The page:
Why are you considering an active transportation corridor through the St. Boniface area?

    A key direction of the Pedestrian and Cycling Strategies (PCS) is to develop local bike networks in each neighbourhood that connect to the existing network and to the Downtown. This project would provide an east-west walking and biking connection from east Winnipeg through St. Boniface to Downtown. Work on the project was approved in the 2019 Pedestrian and Cycling program as part of the Capital Budget.

    On what street will you put the active transportation corridor?

    As part of Phase 2 engagement, we are asking for feedback on three possible routing options west of the Seine River: 

    • Option A: Provencher Boulevard 
    • Option B: Notre Dame Street and de la Cathedrale Avenue
    • Option C: Dumoulin Street and de la Cathedrale Avenue

    We are recommending a single design east of the Seine River: a route moving along Nadeau Street, Notre Dame Street, La Fleche Street, and La Verendrye Street connecting Thibault Street to Archibald Street. 

    Why during Phase 1 engagement did the project team indicate they would prefer routes other than Provencher Boulevard?

    While Provencher Boulevard was identified in Phase 1 as an obvious option for a bike route, it poses some unique challenges that must be considered as part of Phase 2 engagement. 

    First, because this alignment would require a major reconstruction of the street due to its current traffic volumes, limited right-of-way space, and high on-street parking utilization, it would require a greater financial investment than is currently available for construction. Second, while Phase 1 engagement told us this route is preferred by many cyclists, it raised concern for many area businesses due to the potential loss of parking it would require.

    Based on these factors, we are also exploring other routes such as Notre Dame Street, Dumoulin Street, and de la Cathedrale Avenue, which would better align with available funding and could be constructed upon completion of this study. If Provencher Boulevard were to be the preferred route, the project would be added to and prioritized against a list of other unfunded active transportation projects.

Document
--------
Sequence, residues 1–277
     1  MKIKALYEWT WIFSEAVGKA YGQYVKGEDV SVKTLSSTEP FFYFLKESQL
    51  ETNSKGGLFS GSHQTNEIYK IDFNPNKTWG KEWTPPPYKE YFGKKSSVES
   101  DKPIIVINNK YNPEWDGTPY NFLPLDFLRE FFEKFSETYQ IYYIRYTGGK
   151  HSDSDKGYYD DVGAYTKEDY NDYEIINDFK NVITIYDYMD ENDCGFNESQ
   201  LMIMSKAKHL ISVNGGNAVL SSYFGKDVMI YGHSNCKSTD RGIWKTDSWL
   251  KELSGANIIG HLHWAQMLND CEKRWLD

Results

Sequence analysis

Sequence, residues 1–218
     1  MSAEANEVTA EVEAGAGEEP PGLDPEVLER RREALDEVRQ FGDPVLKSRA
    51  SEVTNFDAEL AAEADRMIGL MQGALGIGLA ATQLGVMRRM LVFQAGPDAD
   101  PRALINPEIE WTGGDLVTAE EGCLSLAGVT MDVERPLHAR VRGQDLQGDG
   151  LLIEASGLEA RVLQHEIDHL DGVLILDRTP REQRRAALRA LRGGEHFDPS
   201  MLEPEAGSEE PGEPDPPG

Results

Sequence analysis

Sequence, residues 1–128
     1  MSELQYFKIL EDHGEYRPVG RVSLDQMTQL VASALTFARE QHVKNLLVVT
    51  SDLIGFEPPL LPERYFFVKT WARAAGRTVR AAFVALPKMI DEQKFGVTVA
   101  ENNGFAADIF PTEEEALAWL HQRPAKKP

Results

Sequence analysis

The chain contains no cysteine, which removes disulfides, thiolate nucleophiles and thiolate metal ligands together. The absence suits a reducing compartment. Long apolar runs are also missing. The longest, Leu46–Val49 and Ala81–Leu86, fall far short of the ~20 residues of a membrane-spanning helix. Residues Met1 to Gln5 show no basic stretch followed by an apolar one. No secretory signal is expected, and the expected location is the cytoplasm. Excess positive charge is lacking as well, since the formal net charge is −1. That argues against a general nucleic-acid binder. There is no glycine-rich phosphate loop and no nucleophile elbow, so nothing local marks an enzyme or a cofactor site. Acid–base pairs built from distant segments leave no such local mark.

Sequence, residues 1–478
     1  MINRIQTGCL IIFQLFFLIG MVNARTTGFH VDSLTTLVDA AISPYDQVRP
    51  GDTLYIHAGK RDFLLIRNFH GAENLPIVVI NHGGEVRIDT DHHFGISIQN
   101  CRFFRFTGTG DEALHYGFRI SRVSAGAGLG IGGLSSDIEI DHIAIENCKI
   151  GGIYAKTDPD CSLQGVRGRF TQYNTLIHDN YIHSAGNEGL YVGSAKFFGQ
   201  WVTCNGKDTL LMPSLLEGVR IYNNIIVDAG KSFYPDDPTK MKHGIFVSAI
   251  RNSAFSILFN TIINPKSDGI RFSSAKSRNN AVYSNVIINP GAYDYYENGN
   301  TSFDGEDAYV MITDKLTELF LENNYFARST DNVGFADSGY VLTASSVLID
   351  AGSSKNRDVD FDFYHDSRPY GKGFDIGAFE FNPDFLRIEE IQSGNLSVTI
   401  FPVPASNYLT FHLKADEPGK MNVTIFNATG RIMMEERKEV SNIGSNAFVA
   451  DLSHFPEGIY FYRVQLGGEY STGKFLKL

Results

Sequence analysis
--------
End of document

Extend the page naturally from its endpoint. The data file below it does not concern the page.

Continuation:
What did Phase 1 participants say about routing along Provencher Boulevard?

    Most Phase 1 participants who identified as cyclists noted they would prefer bike infrastructure be installed on Provencher Boulevard versus other routes, so long as proper connections and infrastructure were included in the project. Some businesses on Provencher noted concern over the design due to the potential loss of parking.  

    Since Phase 1, the project team has explored Provencher Boulevard, Notre Dame Street, Dumoulin Street, and de la Cathedrale Avenue as potential routes west of the Seine River. East of the Seine River, Nadeau Street, La Verendrye Street, Notre Dame Street, and La Fleche Street have been identified as a connection to Archibald.  

    If Provencher were to be determined to be the preferred route, the project would be added to and prioritized against a list of other unfunded active transportation projects.

    What kind of bike infrastructure are you considering as part of this project?

    We have considered multiple types of bike infrastructure including neighbourhood greenways, painted bike lanes, protected bike lanes and multi-use paths. Different bike infrastructure has been considered for the different route options.

    Are you exploring a connection through Lagimodiere-Gaboury Park? What is happening with the current closure at the Notre Dame Street entrance?

    Yes: all route options provide a connection to Lagimodiere-Gaboury Park. The Notre Dame Street entrance remains closed at this time due to safety concerns at the rail crossing; however, the required rail signals have been installed and we anticipate the crossing will be open by Fall 2022.